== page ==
While thousands of Joplin people are sleeping, hundreds of miners are at work, bakers make bread for the slumberers to consume the next day; messengers boys hurry in every direction, firemen jump from their cots at the sound of the gong, ready to protect the sleepers from the ravages of fire; officers pace the streets in an effort to keep order; telephone girls are always on the alert to answer midnight call and hundreds of others stop only long enough to eat their midnight luncheon and then continue until dawn gives them the signal to retire.
Janitors and porters spend the weary hour of the night with their brushes and mops, preparing the hotel lobbies and business blocks for the next day’s work. Often times, these creatures are overworked, and they are helped in some cases by their wives, sisters and friends.
Night scenes among the railway employees are filled with variety. The hours of these night workmen are long, most of them coming on duty at 6:30 o’clock in the evening and working until that time in the morning. In the switching yards, the night visitor may see the most interesting side of railroading. In stations along the line, there are yard clerks, watchmen, roundhouse employees, car checkers and night operators. The Missouri Pacific employs a force of 15 men during the night. This includes a baggage man and operator at the passenger depot, yardmen and roundhouse employees, who are kept busy with the engines, keeping them clean and in repair. The Frisco employs 16 and the Kansas City Southern nearly as many.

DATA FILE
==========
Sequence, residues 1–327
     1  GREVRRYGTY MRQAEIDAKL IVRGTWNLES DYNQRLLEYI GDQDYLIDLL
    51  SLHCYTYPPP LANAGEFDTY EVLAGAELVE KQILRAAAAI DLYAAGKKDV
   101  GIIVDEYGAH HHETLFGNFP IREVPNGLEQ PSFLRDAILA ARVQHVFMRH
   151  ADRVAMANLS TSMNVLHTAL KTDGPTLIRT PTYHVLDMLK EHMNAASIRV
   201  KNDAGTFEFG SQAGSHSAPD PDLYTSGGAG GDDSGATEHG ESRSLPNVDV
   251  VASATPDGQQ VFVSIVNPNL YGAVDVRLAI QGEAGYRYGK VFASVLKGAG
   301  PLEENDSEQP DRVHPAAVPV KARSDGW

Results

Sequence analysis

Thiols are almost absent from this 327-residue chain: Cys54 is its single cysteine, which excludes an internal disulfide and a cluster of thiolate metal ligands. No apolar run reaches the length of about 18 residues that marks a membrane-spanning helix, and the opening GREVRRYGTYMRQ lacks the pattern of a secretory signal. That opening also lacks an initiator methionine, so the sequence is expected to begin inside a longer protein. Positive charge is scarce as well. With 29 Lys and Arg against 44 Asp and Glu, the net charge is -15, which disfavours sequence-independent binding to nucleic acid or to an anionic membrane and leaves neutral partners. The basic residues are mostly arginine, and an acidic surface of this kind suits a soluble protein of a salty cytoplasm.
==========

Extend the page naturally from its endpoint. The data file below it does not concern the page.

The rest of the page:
In Joplin there are at least a half dozen restaurants kept open throughout the entire night. Waiters, cashiers, cooks and dishwashers have little time during these long hours for idleness. In the saloons, which are never closed until the lid smothers the lights early Sunday morning, there are at least two men – the bartender and the porter. Some places employ three men, and even four men during the night.
A large number of private watchmen work during the night. Almost every person knows of the 14 patrolmen who guard the city by night, few stop to think of the many, who, in factories and stores, tramp ceaseless, only stopping at intervals to rest. Some firms have old men for the work of watchmen, and others only employ young men. The work is lonely and the hours are long, and in many firms the watchmen are on a constant tramp. Next is the squad of regular officers, whose work is just as tiresome – but with much more variety perhaps, than that of the private watchmen. Some are patrolling gloomy alleys, while others are watching the stores and residences, always ready to defend the lives and possessions of their sleeping brothers.